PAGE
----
To keep your kids from spending excessive amounts of time hanging around the house with nothing to do but sit around and entertain themselves with mobile devices, try enrolling them in extra-curricular activities like gymnastics, swimming, baseball or soccer to encourage them to get moving. Or to save some money, you could even just make a habit out of taking regular trips to the park, setting up a swing set in the backyard, scheduling regular play dates with friends or getting your kids to help out with chores around the house.

They can cause eye discomfort.

Although it’s not currently yet known whether staring at screens for long periods of time can cause any permanent damage to the eyes, it certainly is known to cause discomfort. Both children and adults can experience it, but children may be more susceptible to developing symptoms depending on the unique ways that they use their devices. Commonly referred to as “digital eye strain,” symptoms usually include pain, fatigue, blurred vision, headaches and dry eyes.

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In addition to simply reducing the amount of time that kids spend looking at the screens of smartphones and other electronics devices, parents should take care to schedule annual eye examinations for their kids, teach them to position devices at an appropriate distance from their faces when using them, adjust the brightness of devices and instruct them to take breaks every 10 to 20 minutes that they’ve been staring at devices.

They can cause aches and pains in the neck, shoulders, back, hands, thumbs and other parts of the body.

Smartphone use forces people to tilt their heads down to look at them while moving their wrists and fingers in unnatural ways. Doing this frequently and for prolonged periods can cause pain and even permanent damage to bones and joints in the upper part of the body – especially the neck and spine. According to one leading Australian chiropractor interviewed by The Daily Mail Australia, an increasing number of children and teens are becoming hunchbacks because of their smartphone addictions.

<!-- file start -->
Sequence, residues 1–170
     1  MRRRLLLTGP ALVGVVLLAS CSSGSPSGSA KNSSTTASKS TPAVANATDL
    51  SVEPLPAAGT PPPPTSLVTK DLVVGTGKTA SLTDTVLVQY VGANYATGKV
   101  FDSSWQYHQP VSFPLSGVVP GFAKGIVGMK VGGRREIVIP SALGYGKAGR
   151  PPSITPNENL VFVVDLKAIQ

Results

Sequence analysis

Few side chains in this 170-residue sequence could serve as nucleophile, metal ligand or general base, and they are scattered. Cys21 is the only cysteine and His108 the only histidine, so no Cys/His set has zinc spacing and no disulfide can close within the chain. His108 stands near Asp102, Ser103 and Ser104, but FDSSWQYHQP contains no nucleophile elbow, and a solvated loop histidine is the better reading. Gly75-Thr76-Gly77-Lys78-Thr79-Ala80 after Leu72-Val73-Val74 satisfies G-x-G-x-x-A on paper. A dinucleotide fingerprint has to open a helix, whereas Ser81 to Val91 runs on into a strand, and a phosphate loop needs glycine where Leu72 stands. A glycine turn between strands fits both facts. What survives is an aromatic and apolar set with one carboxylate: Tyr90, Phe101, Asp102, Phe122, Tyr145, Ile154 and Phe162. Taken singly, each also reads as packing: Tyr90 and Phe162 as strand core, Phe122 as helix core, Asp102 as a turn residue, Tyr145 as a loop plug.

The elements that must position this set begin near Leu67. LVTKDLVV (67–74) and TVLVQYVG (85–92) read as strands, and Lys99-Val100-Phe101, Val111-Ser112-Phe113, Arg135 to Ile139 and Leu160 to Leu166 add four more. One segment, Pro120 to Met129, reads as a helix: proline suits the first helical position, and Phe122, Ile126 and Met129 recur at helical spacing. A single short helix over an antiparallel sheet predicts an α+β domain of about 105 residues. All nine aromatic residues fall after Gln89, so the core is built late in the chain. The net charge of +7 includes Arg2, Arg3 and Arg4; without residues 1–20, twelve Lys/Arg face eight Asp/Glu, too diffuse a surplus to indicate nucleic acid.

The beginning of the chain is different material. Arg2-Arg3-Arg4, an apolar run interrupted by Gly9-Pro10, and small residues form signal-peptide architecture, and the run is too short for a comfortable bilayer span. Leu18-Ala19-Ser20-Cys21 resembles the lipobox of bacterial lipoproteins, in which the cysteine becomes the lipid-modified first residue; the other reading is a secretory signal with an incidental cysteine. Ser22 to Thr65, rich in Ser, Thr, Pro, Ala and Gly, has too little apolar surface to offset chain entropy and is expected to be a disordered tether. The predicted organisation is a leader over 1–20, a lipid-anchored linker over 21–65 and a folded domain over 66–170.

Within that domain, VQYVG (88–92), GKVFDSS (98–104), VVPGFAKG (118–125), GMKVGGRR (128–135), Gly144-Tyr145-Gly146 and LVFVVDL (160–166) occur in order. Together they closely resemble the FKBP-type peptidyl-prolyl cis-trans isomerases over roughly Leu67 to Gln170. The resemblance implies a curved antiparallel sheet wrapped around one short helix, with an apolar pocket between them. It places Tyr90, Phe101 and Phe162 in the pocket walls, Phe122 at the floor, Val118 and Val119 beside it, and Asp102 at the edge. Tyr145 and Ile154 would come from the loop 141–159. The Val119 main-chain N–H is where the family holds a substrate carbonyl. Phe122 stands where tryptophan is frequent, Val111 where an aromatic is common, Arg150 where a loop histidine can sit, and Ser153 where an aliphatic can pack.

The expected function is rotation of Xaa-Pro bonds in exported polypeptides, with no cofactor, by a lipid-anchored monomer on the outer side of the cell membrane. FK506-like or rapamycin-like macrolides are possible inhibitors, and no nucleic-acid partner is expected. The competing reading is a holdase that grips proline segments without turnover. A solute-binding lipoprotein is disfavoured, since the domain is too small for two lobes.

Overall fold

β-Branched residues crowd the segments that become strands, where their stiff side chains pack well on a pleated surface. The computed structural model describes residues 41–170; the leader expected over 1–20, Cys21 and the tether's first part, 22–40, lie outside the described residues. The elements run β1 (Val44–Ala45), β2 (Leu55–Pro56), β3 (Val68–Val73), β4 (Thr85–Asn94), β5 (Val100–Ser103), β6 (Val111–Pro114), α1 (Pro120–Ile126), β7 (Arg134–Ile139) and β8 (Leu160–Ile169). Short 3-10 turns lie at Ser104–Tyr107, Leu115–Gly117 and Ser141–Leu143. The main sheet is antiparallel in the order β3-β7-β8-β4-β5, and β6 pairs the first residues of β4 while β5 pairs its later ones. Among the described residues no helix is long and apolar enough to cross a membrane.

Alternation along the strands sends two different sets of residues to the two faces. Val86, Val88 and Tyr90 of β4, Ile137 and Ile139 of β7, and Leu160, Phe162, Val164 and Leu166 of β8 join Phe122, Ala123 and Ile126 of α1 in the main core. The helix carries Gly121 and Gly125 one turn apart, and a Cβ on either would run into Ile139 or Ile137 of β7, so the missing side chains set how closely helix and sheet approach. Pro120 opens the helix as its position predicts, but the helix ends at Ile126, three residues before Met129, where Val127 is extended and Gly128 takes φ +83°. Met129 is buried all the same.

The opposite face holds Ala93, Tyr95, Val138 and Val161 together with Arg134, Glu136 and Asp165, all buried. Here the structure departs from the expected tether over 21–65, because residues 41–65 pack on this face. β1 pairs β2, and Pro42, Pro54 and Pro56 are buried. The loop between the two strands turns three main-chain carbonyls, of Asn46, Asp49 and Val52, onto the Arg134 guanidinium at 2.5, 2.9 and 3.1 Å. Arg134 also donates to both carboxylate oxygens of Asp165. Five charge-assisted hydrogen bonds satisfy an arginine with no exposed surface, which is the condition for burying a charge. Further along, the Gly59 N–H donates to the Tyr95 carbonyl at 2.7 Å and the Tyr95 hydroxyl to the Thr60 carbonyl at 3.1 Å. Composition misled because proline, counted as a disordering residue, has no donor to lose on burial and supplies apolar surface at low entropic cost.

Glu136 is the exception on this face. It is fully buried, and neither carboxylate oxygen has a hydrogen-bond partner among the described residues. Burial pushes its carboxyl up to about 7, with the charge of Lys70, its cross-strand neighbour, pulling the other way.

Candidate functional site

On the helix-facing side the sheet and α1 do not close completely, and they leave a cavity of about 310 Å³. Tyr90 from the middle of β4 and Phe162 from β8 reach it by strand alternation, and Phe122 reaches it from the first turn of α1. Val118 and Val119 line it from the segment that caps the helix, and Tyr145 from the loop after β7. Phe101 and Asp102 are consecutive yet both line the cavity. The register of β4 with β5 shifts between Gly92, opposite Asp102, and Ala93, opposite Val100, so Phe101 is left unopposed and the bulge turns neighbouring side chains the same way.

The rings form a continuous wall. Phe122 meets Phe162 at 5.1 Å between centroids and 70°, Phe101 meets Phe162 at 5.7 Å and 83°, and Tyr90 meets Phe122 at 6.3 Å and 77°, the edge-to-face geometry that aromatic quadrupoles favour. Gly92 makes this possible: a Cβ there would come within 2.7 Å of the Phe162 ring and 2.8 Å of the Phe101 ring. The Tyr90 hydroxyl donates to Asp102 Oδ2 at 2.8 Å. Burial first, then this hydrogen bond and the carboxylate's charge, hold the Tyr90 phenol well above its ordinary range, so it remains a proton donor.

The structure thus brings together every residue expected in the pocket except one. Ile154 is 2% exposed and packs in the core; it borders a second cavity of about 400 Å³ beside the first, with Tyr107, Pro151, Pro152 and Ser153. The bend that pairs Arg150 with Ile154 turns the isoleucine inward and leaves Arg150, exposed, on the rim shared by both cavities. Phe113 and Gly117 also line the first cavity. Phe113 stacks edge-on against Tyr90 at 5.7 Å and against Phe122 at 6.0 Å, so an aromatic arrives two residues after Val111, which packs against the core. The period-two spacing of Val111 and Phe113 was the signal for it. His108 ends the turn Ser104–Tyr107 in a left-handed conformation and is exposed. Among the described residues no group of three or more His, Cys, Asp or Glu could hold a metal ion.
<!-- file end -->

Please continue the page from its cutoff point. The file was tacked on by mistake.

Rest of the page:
The damage can be worsened by a sedentary lifestyle, so parents should encourage their kids to take frequent breaks and get physically active on a daily basis. It’s also worth talking to kids about the importance of proper body positioning when using their mobile devices and showing them how to lift their devices up higher to promote a more straightforward gaze. Parents can even just tell their kids to use their eyes to focus their gaze downward at the screen as a simple solution to minimizing the need to tilt their heads so much.

They may contribute to shortened attention spans.

Less than 5 percent of children in the U.S. were thought to have Attention Deficit Hyperactivity Disorder (ADHD) before the early 1990s, but in the following two decades since then, that figure has ballooned to 11 percent, according to the CDC in a report from the New York Times. The rapid increase likely has to do with sociological changes, including how kids use the internet and mobile devices for both educational and leisurely purposes.